When you’re interested in attending flight school, one of the first concerns that may come to mind is how you’re going to pay for it. While the funding options aren’t as plentiful as those for a traditional four-year degree, there are still ways to find financing.
Not all flight schools qualify for federal aid, and not all private lenders offer student loans for flight school. But some do, and we will cover your best options below.
In this guide:
- Federal student loans for flight school
- Private student loans for flight school
- Make sure to think about repayment
- Alternative financing options
Federal student loans for flight school
Students interested in flight school should maximize their federal loan options before turning to private loans. Federal loans offer more income-driven repayment plans, longer deferment periods, and lower interest rates than private loans.
To qualify for federal student loans, you must attend an accredited flight school, which you can find through the U.S. Department of Education’s Office of Postsecondary Education (OPE). You can also contact the school’s financial aid office directly and ask if they qualify for federal aid.
If your school is accredited, the next step is to fill out the Free Application for Federal Student Aid (FAFSA). Filling out the FAFSA is required to qualify for all types of federal aid, including student loans, work-study programs, and grants. Depending on your situation, you may have to include financial details about your parents.
Your application will be used to determine if you qualify for need-based aid or not. Even students who aren’t eligible for need-based aid can still receive access to federal student loans.
Students may be able to take out Direct Subsidized Loans or Direct Unsubsidized Loans. Parents of students can borrow with Parent PLUS loans. Here’s how the types of loans differ:
Direct Subsidized Loan
The annual limit for a Direct Subsidized Loan is between $3,500 and $5,500, depending on your year in school. The total limit is $23,000. The interest rate for new loans is currently 4.99%.
With Direct Subsidized Loans, interest will not accrue while you are in school at least half-time and during any deferment periods. If you max out your Direct Subsidized Loans and you still need money, then Direct Unsubsidized Loans may be an option.
Direct Unsubsidized Loan
The annual limit for Direct Unsubsidized Loans is between $5,500 and $7,500 for dependent students and between $9,500 and $12,500 for independent students. The total limit is $31,000 for dependent students and $57,500 for independent students.
If you have Direct Unsubsidized Loans, interest will accrue at all times. The interest rate for new loans is currently 4.99%.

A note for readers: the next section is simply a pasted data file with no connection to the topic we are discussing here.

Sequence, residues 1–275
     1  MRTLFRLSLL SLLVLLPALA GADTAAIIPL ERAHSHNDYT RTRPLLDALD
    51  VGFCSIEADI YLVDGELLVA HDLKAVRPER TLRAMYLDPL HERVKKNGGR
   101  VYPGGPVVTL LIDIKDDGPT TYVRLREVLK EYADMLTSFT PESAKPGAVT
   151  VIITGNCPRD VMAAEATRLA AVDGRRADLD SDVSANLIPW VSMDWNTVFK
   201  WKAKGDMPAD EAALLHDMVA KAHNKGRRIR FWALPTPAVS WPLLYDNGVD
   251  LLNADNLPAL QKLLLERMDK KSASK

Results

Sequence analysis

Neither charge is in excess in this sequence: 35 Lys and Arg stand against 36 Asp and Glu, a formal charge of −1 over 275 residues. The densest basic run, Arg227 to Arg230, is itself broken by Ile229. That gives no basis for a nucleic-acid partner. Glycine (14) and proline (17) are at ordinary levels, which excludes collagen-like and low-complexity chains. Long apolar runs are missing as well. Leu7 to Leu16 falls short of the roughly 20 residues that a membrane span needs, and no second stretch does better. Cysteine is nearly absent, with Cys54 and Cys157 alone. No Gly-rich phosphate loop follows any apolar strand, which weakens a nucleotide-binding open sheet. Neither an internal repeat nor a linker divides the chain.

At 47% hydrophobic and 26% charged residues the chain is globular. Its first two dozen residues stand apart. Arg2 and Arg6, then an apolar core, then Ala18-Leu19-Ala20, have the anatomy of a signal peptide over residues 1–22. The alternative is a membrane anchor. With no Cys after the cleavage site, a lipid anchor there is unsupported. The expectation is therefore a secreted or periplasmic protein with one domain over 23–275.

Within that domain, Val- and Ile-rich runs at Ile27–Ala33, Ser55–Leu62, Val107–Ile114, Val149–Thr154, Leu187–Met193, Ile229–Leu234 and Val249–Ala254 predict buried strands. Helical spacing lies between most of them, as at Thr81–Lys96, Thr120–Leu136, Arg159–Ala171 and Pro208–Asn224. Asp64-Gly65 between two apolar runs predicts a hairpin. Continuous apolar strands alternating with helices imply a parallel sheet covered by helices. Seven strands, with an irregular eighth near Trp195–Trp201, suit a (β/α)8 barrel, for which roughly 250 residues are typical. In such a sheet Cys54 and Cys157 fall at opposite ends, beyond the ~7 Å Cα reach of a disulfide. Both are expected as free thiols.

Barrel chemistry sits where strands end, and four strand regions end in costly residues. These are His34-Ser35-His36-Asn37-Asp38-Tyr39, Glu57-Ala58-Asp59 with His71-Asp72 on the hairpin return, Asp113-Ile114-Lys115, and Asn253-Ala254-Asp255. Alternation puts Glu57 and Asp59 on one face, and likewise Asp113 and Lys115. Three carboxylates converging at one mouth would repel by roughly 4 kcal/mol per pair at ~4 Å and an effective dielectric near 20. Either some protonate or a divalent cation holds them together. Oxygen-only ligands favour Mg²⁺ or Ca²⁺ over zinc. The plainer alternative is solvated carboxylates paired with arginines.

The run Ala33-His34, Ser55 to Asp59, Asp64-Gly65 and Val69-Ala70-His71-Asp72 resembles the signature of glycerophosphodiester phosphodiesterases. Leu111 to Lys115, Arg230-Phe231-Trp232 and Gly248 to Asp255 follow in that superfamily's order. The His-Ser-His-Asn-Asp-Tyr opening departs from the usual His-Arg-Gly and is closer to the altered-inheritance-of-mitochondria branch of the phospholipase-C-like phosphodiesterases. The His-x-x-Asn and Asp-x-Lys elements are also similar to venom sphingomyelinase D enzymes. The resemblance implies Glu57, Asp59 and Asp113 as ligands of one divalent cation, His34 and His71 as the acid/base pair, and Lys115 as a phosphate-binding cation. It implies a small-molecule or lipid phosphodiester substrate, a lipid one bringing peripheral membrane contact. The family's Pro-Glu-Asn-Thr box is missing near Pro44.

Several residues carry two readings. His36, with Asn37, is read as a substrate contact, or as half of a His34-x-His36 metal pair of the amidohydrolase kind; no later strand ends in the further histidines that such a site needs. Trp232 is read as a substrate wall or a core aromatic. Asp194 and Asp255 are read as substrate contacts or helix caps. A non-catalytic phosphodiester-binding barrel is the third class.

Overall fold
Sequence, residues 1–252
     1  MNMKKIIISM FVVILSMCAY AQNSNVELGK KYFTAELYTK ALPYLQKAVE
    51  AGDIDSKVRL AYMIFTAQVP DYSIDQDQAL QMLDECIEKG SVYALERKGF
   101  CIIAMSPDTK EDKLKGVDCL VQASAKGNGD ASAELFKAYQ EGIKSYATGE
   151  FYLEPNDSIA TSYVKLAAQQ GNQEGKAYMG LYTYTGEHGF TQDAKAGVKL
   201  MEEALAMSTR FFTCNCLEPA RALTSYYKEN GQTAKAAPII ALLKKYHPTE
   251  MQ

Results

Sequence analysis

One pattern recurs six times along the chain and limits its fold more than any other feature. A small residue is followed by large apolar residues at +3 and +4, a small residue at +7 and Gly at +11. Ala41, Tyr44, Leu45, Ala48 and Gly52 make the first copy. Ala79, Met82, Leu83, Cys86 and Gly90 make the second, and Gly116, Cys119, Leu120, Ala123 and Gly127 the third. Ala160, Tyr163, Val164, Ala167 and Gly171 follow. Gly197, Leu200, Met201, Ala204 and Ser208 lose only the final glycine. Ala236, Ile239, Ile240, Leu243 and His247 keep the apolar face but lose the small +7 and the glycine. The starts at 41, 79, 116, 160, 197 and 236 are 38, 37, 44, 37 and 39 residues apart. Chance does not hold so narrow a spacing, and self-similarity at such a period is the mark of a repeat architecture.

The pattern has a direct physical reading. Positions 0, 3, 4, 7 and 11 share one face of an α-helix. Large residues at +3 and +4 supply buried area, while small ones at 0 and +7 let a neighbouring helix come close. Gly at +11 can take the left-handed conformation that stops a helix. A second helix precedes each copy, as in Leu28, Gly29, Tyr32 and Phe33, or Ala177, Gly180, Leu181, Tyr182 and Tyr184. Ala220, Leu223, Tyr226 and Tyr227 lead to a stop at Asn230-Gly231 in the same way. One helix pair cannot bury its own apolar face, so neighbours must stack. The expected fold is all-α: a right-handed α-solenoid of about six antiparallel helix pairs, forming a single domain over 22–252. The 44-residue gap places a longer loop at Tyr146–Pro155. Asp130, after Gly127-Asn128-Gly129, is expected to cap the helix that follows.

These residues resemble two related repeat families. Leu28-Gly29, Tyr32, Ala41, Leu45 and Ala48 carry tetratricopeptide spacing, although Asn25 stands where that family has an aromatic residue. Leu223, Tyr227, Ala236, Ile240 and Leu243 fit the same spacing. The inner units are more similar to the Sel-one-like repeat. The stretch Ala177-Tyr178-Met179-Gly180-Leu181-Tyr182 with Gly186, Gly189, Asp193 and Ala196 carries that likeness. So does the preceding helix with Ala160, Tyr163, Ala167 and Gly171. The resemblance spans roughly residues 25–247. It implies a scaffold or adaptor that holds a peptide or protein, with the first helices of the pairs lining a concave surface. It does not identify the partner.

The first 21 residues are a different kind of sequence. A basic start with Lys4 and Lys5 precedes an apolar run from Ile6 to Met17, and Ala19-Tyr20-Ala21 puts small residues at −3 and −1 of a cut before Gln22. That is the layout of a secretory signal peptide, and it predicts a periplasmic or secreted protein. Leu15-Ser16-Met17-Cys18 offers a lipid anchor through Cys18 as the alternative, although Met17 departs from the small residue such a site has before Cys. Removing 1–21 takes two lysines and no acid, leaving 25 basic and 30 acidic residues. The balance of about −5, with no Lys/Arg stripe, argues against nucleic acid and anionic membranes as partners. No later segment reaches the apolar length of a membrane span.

Parent PLUS Loan
The annual limit for a Parent PLUS loan is the cost of attendance minus other financial aid. Students are not required to max out their own student loans before their parents can take out a Parent PLUS loan. The interest rate is currently 7.54%.
Private student loans for flight school
Students who have maxed out their federal loans can take out private student loans as well. Students who plan on attending a school that is not accredited, and therefore do not qualify for federal student loans, have this option too.
Private student loan companies will run a credit check. If you have poor credit or no credit history, you may need to add a cosigner to be eligible for a loan. You can also add a cosigner if you want to qualify for a lower interest rate.
A cosigner is usually an adult with good credit and a source of income. The cosigner agrees to accept full responsibility for your student loans if you default or stop making payments.
Your particular flight school may have arrangements with specific private lenders, including banks, credit unions, online lenders and more. The list of lenders who will cover flight school is ever-growing. Read below to learn about some of your options.
Editorial Selection: Best Overall
- $150 cash back when you complete your degree
- Up to 100% of costs can be covered
- Choose between 16 different repayment schedules
College Ave offers a Career Loan that can help you cover the cost of flight school. It offers a variety of in-school repayment options, and students can apply in just three minutes. International students are eligible for these loans if they have a cosigner.
Here are some important details about the loan:
- Fixed APR: 3.22% – 14.96%
- Variable APR: 0.94% – 13.95%
- Loan amount: $1,000 – 100% of certified costs
- Repayment terms: 5, 8, 10, or 15 years